Elsevier’s practices make me deeply deeply angry. While academic publishing as a whole is pretty flawed, Elsevier takes the most insidious practices further at each and every turn, always at the expense of those of us who are trying to produce, publish, and distribute research. Their prices are astronomical, bankrupting libraries and siloing knowledge for private profit off of free labor. As a result, many mathematicians and other scientists have begun stepping off of their editorial boards in protest. Along with over 13,000 other scholars, I too signed the Cost of Knowledge boycott.
I see no indication of a reformed Elsevier, no indication of a path forward that is actually respectful of scholars, scholarship, librarians, or universities. All I see is a company looking to make a profit in an unethical manner and trying to assuage angry customers and laborers with small tokens.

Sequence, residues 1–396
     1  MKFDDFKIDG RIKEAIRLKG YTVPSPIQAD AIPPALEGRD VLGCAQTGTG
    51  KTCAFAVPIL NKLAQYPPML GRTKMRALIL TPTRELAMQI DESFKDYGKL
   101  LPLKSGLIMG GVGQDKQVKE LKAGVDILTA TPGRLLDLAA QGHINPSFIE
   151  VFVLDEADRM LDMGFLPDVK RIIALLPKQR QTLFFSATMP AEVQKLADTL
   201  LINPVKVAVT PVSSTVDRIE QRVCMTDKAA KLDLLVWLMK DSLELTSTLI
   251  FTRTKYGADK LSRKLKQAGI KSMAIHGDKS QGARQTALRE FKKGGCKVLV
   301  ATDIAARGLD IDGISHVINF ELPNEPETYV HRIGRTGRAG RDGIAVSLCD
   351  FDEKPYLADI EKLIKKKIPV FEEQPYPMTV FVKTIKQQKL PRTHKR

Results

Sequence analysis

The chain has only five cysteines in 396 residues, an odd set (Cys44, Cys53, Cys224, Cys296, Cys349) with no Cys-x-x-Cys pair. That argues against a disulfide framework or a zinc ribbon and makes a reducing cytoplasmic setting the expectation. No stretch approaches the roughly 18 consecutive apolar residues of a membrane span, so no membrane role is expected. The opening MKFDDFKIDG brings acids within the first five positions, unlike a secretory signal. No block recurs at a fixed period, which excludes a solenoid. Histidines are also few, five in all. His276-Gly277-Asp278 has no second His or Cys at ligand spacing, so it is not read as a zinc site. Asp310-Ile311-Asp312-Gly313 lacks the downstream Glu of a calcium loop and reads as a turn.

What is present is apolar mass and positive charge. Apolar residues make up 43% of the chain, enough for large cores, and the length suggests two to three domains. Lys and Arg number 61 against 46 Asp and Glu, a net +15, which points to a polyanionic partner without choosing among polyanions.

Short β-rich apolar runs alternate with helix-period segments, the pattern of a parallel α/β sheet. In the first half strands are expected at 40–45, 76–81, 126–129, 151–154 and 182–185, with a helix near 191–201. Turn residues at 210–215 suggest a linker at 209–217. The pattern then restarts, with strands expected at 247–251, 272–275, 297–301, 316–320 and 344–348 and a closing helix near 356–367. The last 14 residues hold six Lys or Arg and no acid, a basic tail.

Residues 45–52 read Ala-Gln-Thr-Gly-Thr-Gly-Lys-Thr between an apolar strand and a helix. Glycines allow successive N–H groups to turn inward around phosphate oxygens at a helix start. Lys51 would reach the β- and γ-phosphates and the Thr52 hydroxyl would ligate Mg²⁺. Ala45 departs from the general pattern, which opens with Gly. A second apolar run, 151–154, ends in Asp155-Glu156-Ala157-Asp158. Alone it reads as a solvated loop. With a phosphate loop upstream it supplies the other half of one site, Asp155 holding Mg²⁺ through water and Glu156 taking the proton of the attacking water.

There’s a lot to agree with in danah’s post. I tried out Mendeley some time ago but never got on the platform, instead preferring Zotero (which I’ve been using for almost 5 years now). But more importantly, for me, isn’t what happened to Mendeley. I was never a user of the service so their purchase doesn’t affect me in any tangible way. But danah’s larger point about open access and the labor of scholars is key. The knowledge and information we create as scholars shouldn’t be locked behind expensive silos or straining library budgets with exorbitant subscriptions. We have an obligation to make our work available to anyone who might be interested in accessing it.